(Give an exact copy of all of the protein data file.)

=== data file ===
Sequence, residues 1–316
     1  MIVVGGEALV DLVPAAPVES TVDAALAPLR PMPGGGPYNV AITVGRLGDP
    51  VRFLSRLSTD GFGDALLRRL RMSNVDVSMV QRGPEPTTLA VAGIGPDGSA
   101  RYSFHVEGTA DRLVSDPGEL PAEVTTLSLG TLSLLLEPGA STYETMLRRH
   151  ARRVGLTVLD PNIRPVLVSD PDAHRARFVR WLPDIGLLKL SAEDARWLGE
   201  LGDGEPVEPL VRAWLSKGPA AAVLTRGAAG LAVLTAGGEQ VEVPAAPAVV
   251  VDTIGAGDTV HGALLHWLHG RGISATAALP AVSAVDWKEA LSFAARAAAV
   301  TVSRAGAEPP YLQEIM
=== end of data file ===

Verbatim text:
Sequence, residues 1–316
     1  MIVVGGEALV DLVPAAPVES TVDAALAPLR PMPGGGPYNV AITVGRLGDP
    51  VRFLSRLSTD GFGDALLRRL RMSNVDVSMV QRGPEPTTLA VAGIGPDGSA
   101  RYSFHVEGTA DRLVSDPGEL PAEVTTLSLG TLSLLLEPGA STYETMLRRH
   151  ARRVGLTVLD PNIRPVLVSD PDAHRARFVR WLPDIGLLKL SAEDARWLGE
   201  LGDGEPVEPL VRAWLSKGPA AAVLTRGAAG LAVLTAGGEQ VEVPAAPAVV
   251  VDTIGAGDTV HGALLHWLHG RGISATAALP AVSAVDWKEA LSFAARAAAV
   301  TVSRAGAEPP YLQEIM